FidoNet Newsletter, Volume 9, # 46

Skip to first unread message

Tim Pozar

Nov 16, 1992, 10:44:38 AM11/16/92
F I D O N E W S -- | Vol. 9 No. 46 (16 November 1992)
A newsletter of the |
FidoNet BBS community | Published by:
_ |
/ \ | "FidoNews" BBS
/|oo \ | +1-415-863-2739
(_| /_) | 1:1/1@FidoNet
_`@/_ \ _ |
| | \ \\ |
| (*) | \ )) | Editors:
|__U__| / \// | Tom Jennings
_//|| _\ / | Tim Pozar
(_/(_|(____/ |
(jm) | Newspapers should have no friends.

For information, copyrights, article submissions, obtaining copies and
so on, please refer to the end of this file.

Table of Contents
1. EDITORIAL ..................................................... 1
Editorial: slog ............................................... 1
2. ARTICLES ...................................................... 3
ALCOR BBS Email privacy case settled .......................... 3
GOFER: A New Way To FREQ Out .................................. 4
Privacy... Does it belong in FidoNet? ......................... 6
Hackers Conference Report ..................................... 9
Notice from the nodelist ...................................... 12
Open letter from a ZC ......................................... 13
URUGUAYAN OPINION ABOUT URUGUAY ............................... 15
Apologies ..................................................... 17
An Invitation ................................................. 17
3. FIDONEWS INFORMATION .......................................... 25
FidoNews 9-46 Page 1 16 Nov 1992


Editorial: slog

by Tom Jennings (1:1/1)

Another brief editorial. Some decent articles this week. Few
complaints, flames, problems, etc lately. Hmm. Am I losing my touch?

Small problem: come this January, a Terrible Thing will unfold. Check
out the name of the file you are reading: FNEWS946. 9 is the volume
number (years of publication), 46 the issue number in the current
year. FNEWS is five characters. MSDOS allows 8. Guess what. Volume 10
issue #1 will not be FNEWS1001. What will it be? Damifino. I'll think
of something. Two major choices are changing FNEWS to something else
(FNEWS, etc) or using letters for the volume number (A - Z; base 36
allows us to palm the problem off onto our children in standard
fashion). I favor the latter, because it's so nerdy to use non-decimal
digits. Consider this a contest. (Thanks to a forward thinking sysop
to remind me of this upcoming catastrophe.)

SURPRISE! A new Z1C! With no notice. A complete secret. Sorry,
notification via the dreck in the nodelist file doesn't count. (I
distinctly remember asking if the generator of that information could
supply it to FidoNews. Does this let me off the hook for not seeking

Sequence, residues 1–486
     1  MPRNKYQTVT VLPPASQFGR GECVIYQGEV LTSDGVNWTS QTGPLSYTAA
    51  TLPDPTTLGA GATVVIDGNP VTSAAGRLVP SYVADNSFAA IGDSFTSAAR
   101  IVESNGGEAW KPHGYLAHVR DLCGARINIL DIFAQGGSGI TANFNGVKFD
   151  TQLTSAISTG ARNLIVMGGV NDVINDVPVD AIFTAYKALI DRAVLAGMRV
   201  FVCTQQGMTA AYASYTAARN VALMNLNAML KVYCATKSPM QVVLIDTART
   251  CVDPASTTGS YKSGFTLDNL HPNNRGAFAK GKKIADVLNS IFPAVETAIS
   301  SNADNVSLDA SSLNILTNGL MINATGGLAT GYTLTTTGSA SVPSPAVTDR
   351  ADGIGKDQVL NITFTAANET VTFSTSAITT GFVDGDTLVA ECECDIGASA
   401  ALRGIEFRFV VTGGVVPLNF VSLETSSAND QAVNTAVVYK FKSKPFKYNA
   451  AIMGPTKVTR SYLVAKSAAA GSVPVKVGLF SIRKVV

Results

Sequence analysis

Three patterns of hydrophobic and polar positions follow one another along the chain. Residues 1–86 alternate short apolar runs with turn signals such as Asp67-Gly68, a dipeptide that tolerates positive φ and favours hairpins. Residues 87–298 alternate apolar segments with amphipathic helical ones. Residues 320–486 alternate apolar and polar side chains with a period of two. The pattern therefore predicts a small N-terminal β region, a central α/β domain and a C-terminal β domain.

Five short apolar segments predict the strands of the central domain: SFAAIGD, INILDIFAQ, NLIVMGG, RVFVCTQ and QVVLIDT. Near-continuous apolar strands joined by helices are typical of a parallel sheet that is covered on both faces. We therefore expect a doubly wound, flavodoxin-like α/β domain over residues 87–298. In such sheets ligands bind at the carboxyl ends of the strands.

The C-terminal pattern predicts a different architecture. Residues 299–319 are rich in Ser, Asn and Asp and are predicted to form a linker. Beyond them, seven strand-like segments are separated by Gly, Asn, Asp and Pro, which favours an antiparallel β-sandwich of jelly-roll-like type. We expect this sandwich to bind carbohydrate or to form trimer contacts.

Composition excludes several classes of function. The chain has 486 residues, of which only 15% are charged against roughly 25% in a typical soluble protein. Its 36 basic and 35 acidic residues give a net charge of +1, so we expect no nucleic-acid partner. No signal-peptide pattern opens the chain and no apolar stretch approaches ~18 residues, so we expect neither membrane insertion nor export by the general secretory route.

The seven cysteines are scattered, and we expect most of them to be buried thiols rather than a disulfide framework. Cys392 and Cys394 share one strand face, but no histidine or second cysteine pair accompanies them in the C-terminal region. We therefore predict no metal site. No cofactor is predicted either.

it out?)

Well, all is not lost. They're looking for a temporary replacement,
until 13 people out of 10,000 in North America pick a new fearless
leader "for you", next April? I think.

Time to consider ahem appeals to this "process". Writing letters to
your alleged representatives is generlaly effective, and moreso in
email-land, where a few thousand letters can be delivered in seconds.
Maybe a constant deluge of comments, suggestions, nominations, ideas,
constructive complaints, etc to all involved in this process (hell,
there's only a dozen of them!) will have some effect. Consider the
effectiveness of locally organized responses. Consider this for the
future as well. I certainly will.

I'll soon generate a hack that yanks the gunk out of the nodelist
after my routine diff processing, and generates an "article" for
FidoNews, that I will include if it "looks interesting". Then at least
we'll have a bit of notice on this sort of thing.

FidoNews 9-46 Page 2 16 Nov 1992

I swear, this is the last of the Z4C war stuff. No one seems
interested in talking to each other anyways. Let's hope it all dies


FidoNews 9-46 Page 3 16 Nov 1992



The long running Alcor/email case against the County and City of
Riverside, CA was settled out of court in April of this year. The
announcement was delayed until all parties had signed off, and the
check (for $30k) had cleared the bank :-).

The Alcor Life Extension Foundation (a non-profit cryonics
organization ran a BBS for members and
prospective members from early 1987 through January 12, 1988. On that
day, the BBS computer was removed under a warrant to take the computer
(but no mention of any contained email) in connection with the
investigation into the death of 83-year-old Dora Kent. (Mrs. Kent was
placed into cryonic suspension by Alcor in December of 1987. During
and following the investigation, Alcor staff members were publicly
accused by county officials of murder, theft, and building code
violations. No charges were ever filed and the investigation was